Moonrise Kingdom has a sense of playful fable-making
Directed by Wes Anderson. Starring Bruce Willis, Frances McDormand, and Edward Norton. Rated PG. Opens Friday, June 1, at the Park Theatre
The world of Wes Anderson is so precisely his own, you practically need a passport to visit. This time, the creator of Rushmore and The Life Aquatic With Steve Zissou has constructed his dollhouse of a movie on a remote New England island called New Penzance.
A Gilbert and Sullivan air of primly arranged gaiety hangs over the affair, set in the 1960s (hence all the smoking) and centred on the troubled Bishop family. Actually, the music is dominated by Hank Williams and English composer Benjamin Britten, whose opera about Noah and the great flood shows up repeatedly. A hurricane is about to erupt, as predicted by Bob Balaban, the gorgeously shot film’s red-suited narrator. And this inclement weather doubles for the storm of adolescence to orphaned boy scout Sam (Jared Gilman) and grumpy 12-year-old Suzy (played by newcomer Kara Hayward, whose asymmetrical face makes her resemble a Lynda Barry cartoon sprung to life—or sort of life).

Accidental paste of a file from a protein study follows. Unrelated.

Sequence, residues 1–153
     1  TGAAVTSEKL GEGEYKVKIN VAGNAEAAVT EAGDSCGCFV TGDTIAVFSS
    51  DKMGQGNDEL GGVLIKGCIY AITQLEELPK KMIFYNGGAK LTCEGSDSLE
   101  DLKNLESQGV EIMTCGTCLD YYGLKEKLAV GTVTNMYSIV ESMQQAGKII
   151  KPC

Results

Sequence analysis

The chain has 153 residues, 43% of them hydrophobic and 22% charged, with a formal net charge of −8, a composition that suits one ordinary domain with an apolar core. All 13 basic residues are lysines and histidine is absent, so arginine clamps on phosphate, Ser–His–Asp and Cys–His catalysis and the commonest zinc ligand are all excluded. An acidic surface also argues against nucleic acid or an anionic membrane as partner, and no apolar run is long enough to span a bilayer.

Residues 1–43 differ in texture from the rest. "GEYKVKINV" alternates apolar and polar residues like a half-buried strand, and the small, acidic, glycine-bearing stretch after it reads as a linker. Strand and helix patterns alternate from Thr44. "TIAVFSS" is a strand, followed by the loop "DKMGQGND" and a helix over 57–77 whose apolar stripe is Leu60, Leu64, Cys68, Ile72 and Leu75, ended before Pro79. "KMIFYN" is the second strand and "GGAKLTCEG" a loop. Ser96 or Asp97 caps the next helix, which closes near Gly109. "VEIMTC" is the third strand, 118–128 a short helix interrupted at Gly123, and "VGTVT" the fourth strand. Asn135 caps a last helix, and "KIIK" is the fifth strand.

These mumbling kids aren’t real actors, especially when shoved up against Ed Norton as Sam’s frazzled scoutmaster, Bill Murray and Frances McDormand as Suzy’s parents, and Bruce Willis as the island policeman who is having a not-so-secret affair with Suzy’s mom. Not that the grownups do much except run around like Keystone Kops when our preteen lovers attempt to escape the constraints of social expectation.
Anderson’s infinitely artificial style somehow permits him to approach the incipient sexuality of puppy love with unexpected honesty. The themes of waning childhood and parental betrayal are explored with more depth and richer humour in The Royal Tenenbaums, but Moonrise shares with The Fantastic Mr. Fox—the director’s animated venture—a sense of playful fable-making that can disarm skepticism. Here, it at least comes together for a satisfying finish.
Music fans should stay in-country for the end-credit sequence, which dissects Alexandre Desplat’s insinuating score in a manner that would make Benjamin Britten (or Button) exceedingly proud.
Watch the trailer for Moonrise Kingdom.